Dishoom is the name adopted by a new Bombay Cafe in central London. Situated on Upper St Martin’s lane, it is best placed to serve busy Londoners wanting a cafe, restaurant, bistro experience all rolled into one. On my recent visit, I had the pleasure of speaking to one of its founders, Amar Radia about its conception and why it’s quite different from your regular Indian.
As I waited for my friend Christine to join me, the windows gleamed and I could see the evening crowd fast gathering. Once inside, we were joined by Amar, and over some interesting cocktails, discussed how this all came to be. The drinks were, in their own right, fantastic twists on established cocktails – thoroughly infused flavours, with names like – Chaijito and BollyBellini – I’m sure you can imagine.
As the restaurant’s claim goes, ‘the original Bombay Cafes have almost disappeared’, they certainly don’t seem to hold the same rustic charm as they would have done throughout the twentieth century. Here, the owners have not just wanted to create an Indian restaurant – but an experience that emulates the grand cafe culture of the original Bombay cafes – which itself took inspiration from the European cafes, Persian immigrants and other colonial references. To this extent, looking around Dishoom, the attempt to recreate the same degree of elegance is certainly noticeable – Amar points out the Bentwood chairs for example and I can’t help but notice the slow turning fan-blades. I am, for a short moment, in a vintage film. It’s almost like a punchier, spicier version of The Wolseley. However, as the focus of these cafes was to be all embracing, so is Dishoom – open for business to all types of customer – whether dropping in for breakfast, or lounging around for lunch. The pictures on the walls and on the menu are all personal and varied, which is quite refreshing particularly in contrast to chain restaurants of an Italian fashion, where images of Frank Sinatra are found in abundance.
The owners collectively worked together to find a central London location where they could build-upon the cuisine and ambience of places like Cafe Leopold in Bombay for example. They were anxious to recreate a culinary experience that matched their recollection of cuisine back at such venues. In London, going out to the far extremes of the east or west of the city to only find ‘traditional’ Indian restaurants didn’t quite match this. Therefore they’ve trialled and brought in the best chefs from abroad to recreate specific dishes.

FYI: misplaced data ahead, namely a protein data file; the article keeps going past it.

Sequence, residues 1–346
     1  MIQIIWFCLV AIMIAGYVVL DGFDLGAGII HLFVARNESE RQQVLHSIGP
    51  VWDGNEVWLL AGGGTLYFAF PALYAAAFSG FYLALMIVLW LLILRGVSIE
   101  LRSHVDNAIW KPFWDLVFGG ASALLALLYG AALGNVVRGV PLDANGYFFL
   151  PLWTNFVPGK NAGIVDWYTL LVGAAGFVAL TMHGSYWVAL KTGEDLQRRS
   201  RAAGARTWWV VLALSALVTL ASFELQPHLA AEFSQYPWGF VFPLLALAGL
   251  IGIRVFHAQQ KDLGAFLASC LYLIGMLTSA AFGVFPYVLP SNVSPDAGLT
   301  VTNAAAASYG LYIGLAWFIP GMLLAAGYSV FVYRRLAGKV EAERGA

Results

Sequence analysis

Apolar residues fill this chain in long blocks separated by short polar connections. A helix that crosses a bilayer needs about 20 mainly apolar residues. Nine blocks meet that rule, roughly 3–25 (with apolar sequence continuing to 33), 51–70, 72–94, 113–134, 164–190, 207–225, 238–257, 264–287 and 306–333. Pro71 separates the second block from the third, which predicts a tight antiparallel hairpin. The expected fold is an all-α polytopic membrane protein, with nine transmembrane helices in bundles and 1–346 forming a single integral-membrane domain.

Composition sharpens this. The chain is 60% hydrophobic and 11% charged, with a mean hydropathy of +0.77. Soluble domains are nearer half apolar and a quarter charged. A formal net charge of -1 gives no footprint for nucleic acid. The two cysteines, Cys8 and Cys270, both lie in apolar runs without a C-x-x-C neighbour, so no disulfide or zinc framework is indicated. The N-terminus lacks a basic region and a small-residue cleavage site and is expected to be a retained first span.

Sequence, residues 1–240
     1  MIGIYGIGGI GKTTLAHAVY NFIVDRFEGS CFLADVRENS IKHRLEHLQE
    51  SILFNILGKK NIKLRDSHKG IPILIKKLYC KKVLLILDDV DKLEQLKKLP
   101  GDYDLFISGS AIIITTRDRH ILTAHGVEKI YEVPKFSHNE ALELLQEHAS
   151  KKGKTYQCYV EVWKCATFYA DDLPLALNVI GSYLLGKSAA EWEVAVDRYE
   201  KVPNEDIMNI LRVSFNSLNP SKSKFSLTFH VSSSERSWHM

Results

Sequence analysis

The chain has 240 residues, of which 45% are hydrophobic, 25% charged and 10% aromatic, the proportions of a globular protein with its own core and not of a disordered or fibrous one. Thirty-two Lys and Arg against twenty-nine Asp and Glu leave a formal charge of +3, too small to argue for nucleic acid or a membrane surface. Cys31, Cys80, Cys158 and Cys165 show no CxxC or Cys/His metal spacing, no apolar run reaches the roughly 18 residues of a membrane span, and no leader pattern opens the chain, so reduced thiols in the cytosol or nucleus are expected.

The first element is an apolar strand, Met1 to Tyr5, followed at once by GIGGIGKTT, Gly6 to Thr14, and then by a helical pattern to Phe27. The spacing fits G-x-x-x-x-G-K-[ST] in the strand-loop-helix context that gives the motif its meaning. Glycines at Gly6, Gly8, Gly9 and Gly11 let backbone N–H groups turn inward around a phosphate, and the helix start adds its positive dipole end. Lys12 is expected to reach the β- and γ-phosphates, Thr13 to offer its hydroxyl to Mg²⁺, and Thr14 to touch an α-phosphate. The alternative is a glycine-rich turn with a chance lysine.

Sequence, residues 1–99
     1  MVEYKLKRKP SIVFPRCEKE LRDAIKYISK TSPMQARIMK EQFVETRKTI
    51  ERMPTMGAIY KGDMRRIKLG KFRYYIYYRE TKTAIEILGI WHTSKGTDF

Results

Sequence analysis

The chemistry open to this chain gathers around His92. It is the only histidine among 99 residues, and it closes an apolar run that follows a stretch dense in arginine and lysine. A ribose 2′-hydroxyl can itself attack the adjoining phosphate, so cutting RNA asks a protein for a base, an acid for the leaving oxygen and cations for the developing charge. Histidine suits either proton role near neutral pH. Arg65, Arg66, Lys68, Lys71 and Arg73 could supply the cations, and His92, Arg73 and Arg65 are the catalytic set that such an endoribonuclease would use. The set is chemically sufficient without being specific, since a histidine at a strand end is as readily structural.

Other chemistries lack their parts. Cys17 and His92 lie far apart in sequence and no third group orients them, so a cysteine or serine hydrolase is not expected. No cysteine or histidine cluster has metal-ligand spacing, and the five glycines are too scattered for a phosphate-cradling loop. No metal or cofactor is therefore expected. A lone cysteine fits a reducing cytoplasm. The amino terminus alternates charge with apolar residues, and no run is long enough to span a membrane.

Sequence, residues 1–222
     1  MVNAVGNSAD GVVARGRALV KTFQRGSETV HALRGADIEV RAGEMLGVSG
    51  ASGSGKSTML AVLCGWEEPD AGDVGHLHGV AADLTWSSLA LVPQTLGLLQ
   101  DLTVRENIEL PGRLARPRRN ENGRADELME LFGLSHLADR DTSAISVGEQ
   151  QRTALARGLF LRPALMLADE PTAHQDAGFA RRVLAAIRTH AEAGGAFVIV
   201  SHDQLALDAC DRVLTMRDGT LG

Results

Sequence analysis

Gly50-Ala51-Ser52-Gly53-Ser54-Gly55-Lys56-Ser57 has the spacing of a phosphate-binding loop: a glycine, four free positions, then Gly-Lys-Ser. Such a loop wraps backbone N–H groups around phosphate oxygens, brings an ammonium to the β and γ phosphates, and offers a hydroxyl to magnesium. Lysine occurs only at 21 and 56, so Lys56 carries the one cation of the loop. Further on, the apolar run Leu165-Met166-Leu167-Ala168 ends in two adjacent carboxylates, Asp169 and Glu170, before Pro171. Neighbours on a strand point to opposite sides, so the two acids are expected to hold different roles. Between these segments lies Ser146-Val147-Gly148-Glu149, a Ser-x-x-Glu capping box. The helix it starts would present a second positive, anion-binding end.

As such, we started with Chilli Cheese Toast, Desi Fish Fingers, Dishoom Calamari and Pau Bhaji to name a few dishes (all to share of course). Quite honestly, I could say that I hadn’t seen dishes described or listed like this on other restaurant menus, not only was it an infusion of flavours, but also of words. The highlight for both of us was the Pau Bhaji (mashed vegetables with hot-buttered bread, Chowpatty Beach Style). I’ve had mashed veg before, but there was such a light consistency to this Pau Bhaji which meant it was gone within seconds, the bread was soft and delicate – so that we could still prepare ourselves for the feast that lay ahead.
Rather than a conventional listing of Daals and Baltis – the main menu at Dishoom is largely comprised of Grills, Biryanis and Small Plates, making for a more collaborative dining experience. A little unexpected surprise was the cheese and herb infused Naan Bread, which took eating Daal to a completely different level. On top of this, we shared some smaller plates such as the grilled prawns and lamb. The grilled taste, for those of you who are familiar with it, is enough to take you back to the experiences you’ve had in India – evocative and memory inducing. The Desi Fish Fingers – for instance, took me back to my holidays instantly. I recall when I was younger, we’d drive out to our local river – in Punjab – there are five, so it wasn’t too difficult to get it. The locals would fish out the fresh fish, and within minutes it was immersed in a secret signature batter, fried and served . I didn’t think it was possible to get anything fresher – yet the taste of these fish fingers was almost identical.
Of course, we were quite ambitious in our attempts to sample almost two thirds of the menu, but I felt we’d taken the best part of it. However, I’m anxious to get back to check out everything I’ve missed. Though just as we thought we couldn’t manage any more, we tried the Chocolate Fondant and Gola Ice. The latter was of course a burst of freshness after the meal, but the Chocolate Fondant, as I recall Christine describing, was positively ‘orgasmic’ – we shared one – though I noticed our competitive sides surfacing.
Ultimately, Dishoom succeeds in planting a very unique dining experience in the heart of London. It’s thoroughly worth a visit, purely for its versatility as a venue, but also its efforts in authenticity. For us, this was epitomised in our post dinner drinks. Christine had the spiced espresso – making espresso drinking a sweeter and tolerable experience, rather than bitter. I had the Chai, which as you would expect was leagues better than the ‘Chai Latte’ offerings at coffee shops – and ‘garma-garm’ just as it should be, in a traditional little glass. Visit Dishoom's website here for more information.